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What To Do After Moving House

Posted on 21st November 2018 by Master Removers

The move is over and your can breathe a sigh of relief. All that stress, tension, overexertion and worry melts away and it’s all about moving forwards with renewed vigour and energy. But at the same time it would be foolhardy to think that just because your boxes are unpacked and your furniture’s arranged, that’s the end of the story. Moving house leaves other issues in its wake, which is why removals companies sometimes have after-care services. Here’s the Master Remover guide to what to do after your move.

You’ve crossed the threshold of your new home, fully unpacked and settled in. All those moving checklists can be forgotten. No longer do you have to fuss over which removals firm to use and what time of year will suit you best for getting the job done. The pondering over what to pack and what to discard, what to take to charity shops and what to auction off need no longer concern you. And then the Herculean undertaking over getting everything together and ready to be loaded into a moving vehicle… that’s all, thankfully, far in the past. You can draw breath and start to enjoy your new surrounds. And that may be when it hits you; everything is new. New neighbours, new area, maybe even new county or new country. There’s a kind of post-move delayed reaction that swiftly engulfs you. But with a bit of guidance, you can navigate these choppy waters and soon they’ll settle. It just takes a bit of conscious acclimatising so that the unfamiliar becomes familiar.

What To Do After Moving into a new Home

First things first. Dip your toe into the local scene by looking up local newspapers (so much easier now that so many of them are online) and finding out if there’s a residents’ association for your street or area. Community magazines are another good option. Your can wrench your focus from the past to the present by delving into what’s going on in your new neighbourhood.

Really explore your home. Prior to moving into it, your only experience of it will have been during formal viewings when it’s never really possible to relax and engage with the space in a normal way. It may now be your home, but it’s still virgin territory as far as you’re concerned. Doing a proper examination also means you can flag up any pre-existing damage which might be useful to know about when it comes to final negotiations with the agent and former owner. It’s also important to know where fuse boxes are placed, and don’t forget the water valve stop, either. Now’s also the opportunity to determine whether you need additional security. While you’re at it, work out whether the front and back-door locks are up to the standards required by your contents insurance company. Better safe than sorry.


Keep up the good work by joining things. Foremost among these, especially if you have children, is the local library. In this day and age, with more and more of them getting the chop, it’s a resource to be treasured. Not only is it, of course, great for books you want to read but not own permanently (e.g. genre novels), the local library is also a hive of community news and the venue for a variety of interesting events, including author readings and personal appearances.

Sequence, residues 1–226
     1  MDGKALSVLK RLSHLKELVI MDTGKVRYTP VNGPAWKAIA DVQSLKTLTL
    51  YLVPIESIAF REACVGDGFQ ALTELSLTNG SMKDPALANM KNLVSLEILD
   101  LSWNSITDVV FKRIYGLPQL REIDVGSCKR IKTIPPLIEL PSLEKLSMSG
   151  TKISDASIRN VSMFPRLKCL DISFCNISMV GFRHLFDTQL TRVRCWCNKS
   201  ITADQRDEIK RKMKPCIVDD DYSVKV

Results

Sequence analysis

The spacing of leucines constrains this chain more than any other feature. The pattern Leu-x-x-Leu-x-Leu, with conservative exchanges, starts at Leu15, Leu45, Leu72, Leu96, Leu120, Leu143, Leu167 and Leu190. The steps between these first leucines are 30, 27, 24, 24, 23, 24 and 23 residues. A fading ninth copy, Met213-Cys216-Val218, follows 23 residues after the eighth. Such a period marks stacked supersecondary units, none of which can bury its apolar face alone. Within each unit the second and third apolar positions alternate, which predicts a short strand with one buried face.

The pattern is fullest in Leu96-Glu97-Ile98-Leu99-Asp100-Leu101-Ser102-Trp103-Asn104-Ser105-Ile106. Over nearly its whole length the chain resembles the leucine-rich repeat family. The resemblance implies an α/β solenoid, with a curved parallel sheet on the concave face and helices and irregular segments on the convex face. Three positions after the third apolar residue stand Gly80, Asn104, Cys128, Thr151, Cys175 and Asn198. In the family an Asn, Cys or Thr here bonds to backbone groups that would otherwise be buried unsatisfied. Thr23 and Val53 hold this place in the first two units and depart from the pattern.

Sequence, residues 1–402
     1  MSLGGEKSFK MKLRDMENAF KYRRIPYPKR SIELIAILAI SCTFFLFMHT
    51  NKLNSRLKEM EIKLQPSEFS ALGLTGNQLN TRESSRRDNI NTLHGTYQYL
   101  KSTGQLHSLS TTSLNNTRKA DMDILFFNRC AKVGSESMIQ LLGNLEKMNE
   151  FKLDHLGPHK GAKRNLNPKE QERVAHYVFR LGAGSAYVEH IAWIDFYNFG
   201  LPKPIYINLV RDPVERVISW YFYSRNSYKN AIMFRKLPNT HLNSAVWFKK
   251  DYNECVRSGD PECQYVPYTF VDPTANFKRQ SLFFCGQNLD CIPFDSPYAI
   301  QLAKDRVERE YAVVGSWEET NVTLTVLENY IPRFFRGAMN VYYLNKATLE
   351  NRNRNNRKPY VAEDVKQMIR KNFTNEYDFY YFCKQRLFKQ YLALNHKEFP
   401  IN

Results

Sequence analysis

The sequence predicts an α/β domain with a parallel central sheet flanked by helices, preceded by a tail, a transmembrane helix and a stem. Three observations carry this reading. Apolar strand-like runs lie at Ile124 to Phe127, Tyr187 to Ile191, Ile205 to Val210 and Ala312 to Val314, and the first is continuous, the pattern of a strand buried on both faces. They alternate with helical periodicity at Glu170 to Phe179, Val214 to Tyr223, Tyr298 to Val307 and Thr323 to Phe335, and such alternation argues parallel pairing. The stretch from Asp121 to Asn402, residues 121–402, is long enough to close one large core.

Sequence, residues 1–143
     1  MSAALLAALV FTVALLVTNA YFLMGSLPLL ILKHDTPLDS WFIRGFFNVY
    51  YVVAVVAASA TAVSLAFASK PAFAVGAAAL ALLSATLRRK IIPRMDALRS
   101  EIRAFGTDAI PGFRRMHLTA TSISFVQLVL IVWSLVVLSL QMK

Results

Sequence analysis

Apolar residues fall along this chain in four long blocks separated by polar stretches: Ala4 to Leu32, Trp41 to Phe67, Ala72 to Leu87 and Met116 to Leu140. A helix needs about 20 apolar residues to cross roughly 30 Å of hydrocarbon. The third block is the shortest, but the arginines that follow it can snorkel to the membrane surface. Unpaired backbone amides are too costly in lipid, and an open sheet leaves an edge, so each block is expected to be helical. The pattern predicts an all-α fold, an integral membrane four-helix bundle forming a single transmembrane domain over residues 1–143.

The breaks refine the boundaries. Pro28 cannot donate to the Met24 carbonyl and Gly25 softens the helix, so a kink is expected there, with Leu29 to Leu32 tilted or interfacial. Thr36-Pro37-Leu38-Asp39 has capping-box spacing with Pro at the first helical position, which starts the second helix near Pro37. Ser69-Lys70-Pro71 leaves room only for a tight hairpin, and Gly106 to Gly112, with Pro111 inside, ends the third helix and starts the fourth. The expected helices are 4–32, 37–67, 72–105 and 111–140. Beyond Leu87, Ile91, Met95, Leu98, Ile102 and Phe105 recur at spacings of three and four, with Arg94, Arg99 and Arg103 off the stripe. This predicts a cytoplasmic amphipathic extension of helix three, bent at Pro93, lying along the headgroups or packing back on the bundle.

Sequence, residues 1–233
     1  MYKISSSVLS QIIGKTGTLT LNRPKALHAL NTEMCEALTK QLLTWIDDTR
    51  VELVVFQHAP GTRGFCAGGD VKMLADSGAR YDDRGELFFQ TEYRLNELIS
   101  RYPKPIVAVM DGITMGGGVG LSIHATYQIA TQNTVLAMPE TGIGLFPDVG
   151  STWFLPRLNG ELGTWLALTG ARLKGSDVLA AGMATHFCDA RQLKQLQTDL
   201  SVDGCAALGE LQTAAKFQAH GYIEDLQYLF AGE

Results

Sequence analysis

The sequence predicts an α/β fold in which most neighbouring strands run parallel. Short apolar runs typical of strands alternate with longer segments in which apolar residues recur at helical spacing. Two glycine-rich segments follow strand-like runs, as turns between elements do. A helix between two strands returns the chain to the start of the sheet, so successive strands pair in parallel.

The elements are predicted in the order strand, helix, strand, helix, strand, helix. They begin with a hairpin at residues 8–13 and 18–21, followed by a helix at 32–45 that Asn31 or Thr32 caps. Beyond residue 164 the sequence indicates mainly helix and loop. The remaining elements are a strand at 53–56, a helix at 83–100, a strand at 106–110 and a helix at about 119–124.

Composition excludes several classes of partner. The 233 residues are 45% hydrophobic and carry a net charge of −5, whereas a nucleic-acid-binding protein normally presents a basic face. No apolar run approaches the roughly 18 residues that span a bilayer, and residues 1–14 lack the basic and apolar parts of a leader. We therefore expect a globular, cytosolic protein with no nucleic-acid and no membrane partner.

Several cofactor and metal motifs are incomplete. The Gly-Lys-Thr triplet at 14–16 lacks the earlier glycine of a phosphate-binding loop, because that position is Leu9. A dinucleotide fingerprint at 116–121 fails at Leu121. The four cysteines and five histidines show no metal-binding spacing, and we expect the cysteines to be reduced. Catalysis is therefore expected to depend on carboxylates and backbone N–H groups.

It’s potentially tedious, but absolutely vital to clear a day for setting up all the services you need – everything from a local GP/healthcare provider to vets, dentists and the array of utilities needed for modern living; not just electricity and gas, but also water, broadband and TV services. Also, don’t wait until there’s an emergency for making sure you have telephone numbers for plumbers, electricians and all-purpose handymen and women. If something goes wrong, you want to be able to snap straight to action. If there’s a burst water pipe, you don’t want to be wasting time researching phone numbers when you could have done it months earlier. Asking friends for personal recommendations is still the best method for making sure you get only the most reliable and trustworthy personnel and this brings us on to the next point:-


Introduce yourself to neighbours. You don’t have to be new best friends, but neither do you have to stand on ceremony and wait for people to be friendly to you. And if you’ve forged a few links with people in your street, town or village, then you’re in a far better position for asking them about local plumbers, cleaners, electricians etc. You may also find families whose children are the same age as yours, which could pay dividends later on.


Change-of-address cards should be sent to all your friends, relations and associates. Whether you go the old-fashioned route and get them printed up or just issue the electronic equivalent is down to your own judgment. You should also take a moment or two to update all the companies whose services you use, especially utility companies. If needs be, you can avail yourself of the mail-forwarding service at the Post Office, but it’s preferable to get as much of your mail as possible sent directly to your new address. Re-routed mail will take longer to reach you.